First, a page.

at around Gin & Tonic time on Friday 7 September. And remain there until the ABC managing director Michelle Guthrie surrenders and brings back the “F” and “C” words on Tonightly. Put this in your diary NOW. Bring your own G & T.


Can You Bear It


In recent times, political editor Malcolm Farr has equated any government support for high efficiency low emissions coal fired power stations as a product of the kind of economics that was practised by Josef Stalin or his various communist minions in the Eastern Bloc after the Second World War.

This despite the fact that such nations as Germany and Japan are constructing coal fired power stations. And despite the fact that Australian governments have intervened in the renewable energy market and, most recently, in the Snowy 2.0 hydro power proposal. Even Mr Farr is not seeing Soviet style communism in this process.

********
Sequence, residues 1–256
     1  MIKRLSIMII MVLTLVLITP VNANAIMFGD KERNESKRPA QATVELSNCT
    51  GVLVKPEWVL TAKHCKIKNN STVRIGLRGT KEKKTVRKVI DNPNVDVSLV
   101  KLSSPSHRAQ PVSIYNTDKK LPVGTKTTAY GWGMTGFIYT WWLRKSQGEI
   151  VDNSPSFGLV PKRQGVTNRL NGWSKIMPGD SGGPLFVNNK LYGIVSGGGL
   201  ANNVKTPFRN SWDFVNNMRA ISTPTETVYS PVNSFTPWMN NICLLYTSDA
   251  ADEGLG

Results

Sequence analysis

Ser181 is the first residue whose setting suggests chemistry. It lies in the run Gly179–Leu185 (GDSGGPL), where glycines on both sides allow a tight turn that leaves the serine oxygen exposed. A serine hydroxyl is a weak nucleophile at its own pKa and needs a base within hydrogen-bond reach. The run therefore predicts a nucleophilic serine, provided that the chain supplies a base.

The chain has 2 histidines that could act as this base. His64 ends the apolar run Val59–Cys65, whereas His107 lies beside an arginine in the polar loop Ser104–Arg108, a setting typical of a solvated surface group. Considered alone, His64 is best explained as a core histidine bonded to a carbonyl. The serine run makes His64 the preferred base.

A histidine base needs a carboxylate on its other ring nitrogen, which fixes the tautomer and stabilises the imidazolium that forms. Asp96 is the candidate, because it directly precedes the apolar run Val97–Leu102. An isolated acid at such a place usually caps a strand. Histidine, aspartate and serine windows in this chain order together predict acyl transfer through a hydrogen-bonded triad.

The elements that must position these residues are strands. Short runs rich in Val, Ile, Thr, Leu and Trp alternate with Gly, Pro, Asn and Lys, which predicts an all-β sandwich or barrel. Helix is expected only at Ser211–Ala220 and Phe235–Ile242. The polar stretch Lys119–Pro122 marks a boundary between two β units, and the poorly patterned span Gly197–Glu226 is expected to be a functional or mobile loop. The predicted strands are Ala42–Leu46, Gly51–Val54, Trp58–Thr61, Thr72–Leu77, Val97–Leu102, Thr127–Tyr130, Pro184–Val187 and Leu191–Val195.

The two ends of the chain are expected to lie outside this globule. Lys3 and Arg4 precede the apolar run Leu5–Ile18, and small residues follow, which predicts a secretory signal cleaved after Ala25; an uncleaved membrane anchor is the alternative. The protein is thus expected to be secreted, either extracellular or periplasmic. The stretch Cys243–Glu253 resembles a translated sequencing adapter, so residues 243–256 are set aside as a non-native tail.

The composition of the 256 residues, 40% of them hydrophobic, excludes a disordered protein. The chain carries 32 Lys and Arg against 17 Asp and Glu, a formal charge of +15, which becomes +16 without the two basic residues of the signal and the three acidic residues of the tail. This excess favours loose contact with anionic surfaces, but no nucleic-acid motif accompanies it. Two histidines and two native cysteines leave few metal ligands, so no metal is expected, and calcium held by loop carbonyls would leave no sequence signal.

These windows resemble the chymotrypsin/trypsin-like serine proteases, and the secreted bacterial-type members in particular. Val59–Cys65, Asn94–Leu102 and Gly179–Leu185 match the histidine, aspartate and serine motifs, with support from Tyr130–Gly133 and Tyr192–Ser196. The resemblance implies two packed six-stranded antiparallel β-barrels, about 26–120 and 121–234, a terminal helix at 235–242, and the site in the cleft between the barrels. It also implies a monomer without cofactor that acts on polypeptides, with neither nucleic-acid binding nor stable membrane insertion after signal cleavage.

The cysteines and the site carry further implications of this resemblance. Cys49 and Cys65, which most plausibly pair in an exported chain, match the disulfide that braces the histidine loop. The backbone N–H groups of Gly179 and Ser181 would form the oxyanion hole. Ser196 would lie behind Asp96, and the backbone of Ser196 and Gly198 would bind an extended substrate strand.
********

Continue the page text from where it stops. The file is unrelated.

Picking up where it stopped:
However, during his commentary segment on ABC Radio 702’s “Drive with Richard Glover” last Monday, your man Farr went even further – suggesting that the brutal East German secret police, the Stasi, were advocates of coal. Really.

Let’s go to the transcript – just after your man Farr referred to the fact that Coalition backbencher Barnaby Joyce suggested that the government should act to ensure Australia’s energy supply:

Richard Glover: So when did Barnaby Joyce – and for that matter, Tony Abbott – become Maoists?

Malcolm Farr: Well, this is true.

Richard Glover: I mean, I haven’t noticed them in the little cap and the little jacket.

Malcolm Farr: Well, I think they must have had a summer session in Albania to pick up a few tips. Because Tony Abbott believes that there should be compulsory acquisition of the Liddell Power Station – and he repeated that today. And you’re quite right, it is extraordinary that these people who are one second breathing the firm fresh air of free enterprise – and the next minute they’re threatening to send in the secret police.